Corrections or additions?

This review by Jack Florek was published in U.S. 1 Newspaper on

July 19, 2000. All rights reserved.

Review: `As You Like It’


Westwind Repertory Company winds up a successful fifth

season with one of William Shakespeare’s more sedate comedies, "As

You Like It." Although it features weddings, dances, and an


wrestling match, the bulk of the play is talk, talk, talk. What is

more, after the first act, it barely contains any plot at all. It

is perhaps one of the first character studies in Western drama, and

without a doubt one of Shakespeare’s comic masterpieces.

Duke Frederick (Jeffrey Alan Davis) has taken over the throne of his

brother Duke Senior (Curtis Kaine) and exiled him off to the Forest

of Arden. Their daughters, Celia (Laura Jackson) and Rosalind (Julia

Ohm), spend cheerful days living in the castle discussing their love

lives. Meanwhile, two brothers, Orlando (M.A. Young) and Oliver (N.

Charles Leeder) have their own problems. Oliver arranges to have


killed in a wrestling match with a broad-limbed bully named Charles

(Michael Treadwell). But to both Oliver’s and Charles’ surprise,


wins. Rosalind, who happens to witness the match, falls madly in love

with Orlando, and then is hastily banished to the forest as well.

Rosalind, disguises herself as a man named Ganymede, and soon


the unwitting Orlando. She then proceeds to ostensibly try to cure

him of his lovesickness, but uses the opportunity to secretly test

him and his devotions.

The forest is also visited by a variety of clowns, musicians, lords,

goatherds, and shepherds whose stories reflect and contrast Rosalind’s

and Orlando’s. The pointedly named Touchstone (Dale Simon), a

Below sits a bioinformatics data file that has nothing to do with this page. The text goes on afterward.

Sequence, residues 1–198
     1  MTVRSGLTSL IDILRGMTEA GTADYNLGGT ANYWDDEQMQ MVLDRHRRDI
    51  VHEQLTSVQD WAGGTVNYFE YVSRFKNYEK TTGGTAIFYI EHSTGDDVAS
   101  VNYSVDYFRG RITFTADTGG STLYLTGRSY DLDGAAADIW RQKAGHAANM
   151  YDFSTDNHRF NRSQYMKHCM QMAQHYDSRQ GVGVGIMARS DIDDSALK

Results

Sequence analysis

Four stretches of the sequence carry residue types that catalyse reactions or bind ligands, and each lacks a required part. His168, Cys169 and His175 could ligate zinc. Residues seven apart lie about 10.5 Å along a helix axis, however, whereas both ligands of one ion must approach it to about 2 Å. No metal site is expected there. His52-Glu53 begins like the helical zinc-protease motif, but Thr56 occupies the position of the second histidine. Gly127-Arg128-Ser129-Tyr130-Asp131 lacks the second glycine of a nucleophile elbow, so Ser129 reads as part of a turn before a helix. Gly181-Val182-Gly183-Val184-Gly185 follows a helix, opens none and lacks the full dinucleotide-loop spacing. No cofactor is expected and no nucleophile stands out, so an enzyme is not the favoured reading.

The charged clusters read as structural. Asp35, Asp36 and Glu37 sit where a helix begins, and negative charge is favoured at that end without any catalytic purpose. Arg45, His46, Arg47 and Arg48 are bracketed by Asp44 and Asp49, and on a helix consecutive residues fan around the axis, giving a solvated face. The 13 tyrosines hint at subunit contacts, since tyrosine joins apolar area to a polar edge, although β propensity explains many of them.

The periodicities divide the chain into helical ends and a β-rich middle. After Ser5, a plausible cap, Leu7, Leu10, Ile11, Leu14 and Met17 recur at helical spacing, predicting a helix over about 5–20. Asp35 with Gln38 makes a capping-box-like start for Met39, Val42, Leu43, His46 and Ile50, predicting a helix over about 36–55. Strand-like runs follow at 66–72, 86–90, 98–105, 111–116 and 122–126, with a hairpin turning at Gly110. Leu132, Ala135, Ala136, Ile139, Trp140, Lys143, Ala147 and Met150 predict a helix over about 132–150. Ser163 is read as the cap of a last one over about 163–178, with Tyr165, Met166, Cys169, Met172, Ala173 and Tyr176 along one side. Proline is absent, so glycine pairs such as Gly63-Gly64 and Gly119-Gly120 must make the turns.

fool with a penchant for mocking any hint of the sentimentality of

"amour," soon finds himself giddily in love with a goatherd

named Audrey (Kay Schwinn Potucek). Phoebe (Janet Quatarone), unable

to see through Rosalind’s disguise, forsakes other suitors in order

to pursue Ganymede. Jaques (Brian A. Bara), who utters the famous

lines that begin, "All the world’s a stage," remains a


solitary realist at play’s end. But even his fate is put into


when we last see him he is being pursued by the fop LeBeau (Jerry


Often modern productions of "As You Like It"

rely on a kind of vulgar slap-dash modernization, inserting certain

socio-political angles that seems to imply a certain distrust of the

modern audiences’ ability to comprehend and enjoy the subtleties of

the play as written. Westwind’s production does not. Kathy Garofano’s

direction is fast paced and respectful, inviting the audience into

the play’s world without a lot of condescending winks and gimmicks.

She is able to keep a tight rein on the proceedings, letting the words

stand for themselves, while still allowing the characters (and actors)

their personal idiosyncrasies.

Julia Ohm is both charming and sensual as Rosalind. Her tobacco-choked

voice seems perfectly suited to play a woman disguised as a man. Yet

her femininity is never in question. Even, as Ganymede, complete with

fuzzy mustache and britches, her subtle flirtations with Orlando are

enticing, yet magnificently understated. M.A. Young as the rather

dim-bulbed Orlando is appropriately mystified by Rosalind’s


and as the audience laughs at his deception, seems wholly capable

of not getting the joke.

Brian A. Bara and Dale Simon are both wonderful as Jaques and


Elizabethan language flows out of their mouths as naturally as if

they were ordering a hamburger. Janet Quatarone, in the small role

of Phoebe, brings a rough-hewn sexiness to her character that nearly

steals the show’s climax. Her charisma is such that I found it


not to watch her whenever she was on stage.

Melissa Updegraff Wyatt’s costume design are workman-like and well

suited to the production. Michael Antoniewicz’ musical compositions

are simply lovely to listen to. They play no small part in creating

the sort of mood that makes this outdoor production such an enjoyable


Westwind’s "As You Like It" is nothing flashy, but it is


solid, and a worthy offering to the tradition of Shakespeare ‘neath

the stars. The Green at the Hun School is a particularly lovely spot.

With Shakespeare in the foreground, and a stream of fireflies blinking

in the distance. . . add imagination, and the air seems to be


by angels.

— Jack Florek

As You Like It, Westwind Repertory, Hun School,

Edgerstoune Road, 609-397-7331. $12 adults; $10 students & seniors.

Performances continue Thursday through Sunday, July 20 to 23.

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